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Old 12-01-2016, 08:44 PM   #1
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Better Dash Heat??

Family health is keeping us 'up north' until early January [grump] Anyway, i was just thinking, our 1998 Discovery with ISB Cummins fails to provide enough heat up front from the dash heater to satisfy the wife when traveling in cool weather. I shudder to think what I will hear while traveling in January.
So, I was wondering about bypassing the engine, and using a LP fired demand water heater [tankless] [Our Onan generator uses LP, so we have 2 tanks, as well as an Extend-A-Stay.] Seems like that would be a better idea than using the furnace the entire trip.
If you think it would work, does anyone have an idea of the flow required. I already know I would need a water pump to circulate the water, basically a demand pump that will handle hot water. And yes, I know about the shut off valves in the heater hoses near the engine. They are open.
Thanks.
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Old 12-01-2016, 09:11 PM   #2
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Nothing to do with your question. Just wondering if you have the cab heater set to recirculate interior air, or are you asking it to heat up possibly very cold exterior air?
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Old 12-01-2016, 09:30 PM   #3
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Does your coach have a "bus pump" ? Mine has one, it's a electric pump in the heater hose line. When they fail the impeller slows the flow of hot coolant up to the heater core.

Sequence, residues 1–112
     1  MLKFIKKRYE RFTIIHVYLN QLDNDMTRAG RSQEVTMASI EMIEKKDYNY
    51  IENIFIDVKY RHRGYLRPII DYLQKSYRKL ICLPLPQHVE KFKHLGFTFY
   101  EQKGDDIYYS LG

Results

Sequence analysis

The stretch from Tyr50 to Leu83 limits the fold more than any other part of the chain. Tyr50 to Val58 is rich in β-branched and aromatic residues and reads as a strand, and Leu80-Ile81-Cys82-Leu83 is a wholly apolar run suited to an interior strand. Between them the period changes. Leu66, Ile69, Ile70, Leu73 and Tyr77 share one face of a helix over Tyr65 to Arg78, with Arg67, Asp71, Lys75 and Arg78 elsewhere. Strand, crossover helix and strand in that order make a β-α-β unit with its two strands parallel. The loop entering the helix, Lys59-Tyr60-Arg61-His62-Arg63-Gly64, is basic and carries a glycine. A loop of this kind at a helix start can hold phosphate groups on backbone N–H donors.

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Old 12-01-2016, 09:34 PM   #4
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Quote:
Originally Posted by ahicks View Post
Nothing to do with your question. Just wondering if you have the cab heater set to recirculate interior air, or are you asking it to heat up possibly very cold exterior air?
Recirculate.
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Old 12-01-2016, 09:35 PM   #5
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Quote:
Originally Posted by 92TNTRacing View Post
Does your coach have a "bus pump" ? Mine has one, it's a electric pump in the heater hose line. When they fail the impeller slows the flow of hot coolant up to the heater core.
I don't think so, but I will find out. Good inquiry.
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Old 12-01-2016, 09:45 PM   #6
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Greg2, that is a very ingenious idea.
Our engine runs about 192 deg, a lot cooler than a car.
Then the long hoses act like a heat sink.
I have installed foam pipe insulation around the heater hoses from just behind the generator up to the heater core.
Also insulated the front cap.
One of the bigger helps was a expandable curtain rod and a temp curtain behind the seats to close off the rest of the RV.
Point of use heaters need a minimum flow to operate.
I would first try to just install the POU heater on the firewall, and set the temp to what you want. This way it acts like a booster, but you don't have to use it if not needed. this would use the normal engine water pump for circulation.

Then if needed turn on the POU heater.

Regard,

Dan
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Old 12-02-2016, 07:27 AM   #7
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How about running the generator and powering a small space heater?
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Old 12-02-2016, 08:04 AM   #8
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We have run the propane heater. Like the Rv to stay warm while we travel. For dash heater - make sure it is on recirculate - if your dash does not have that function, then locate the flapper door in front (outside) and tape it shut. Now how can you tell - traveling warm air coming out - park engine running - hotter air coming out.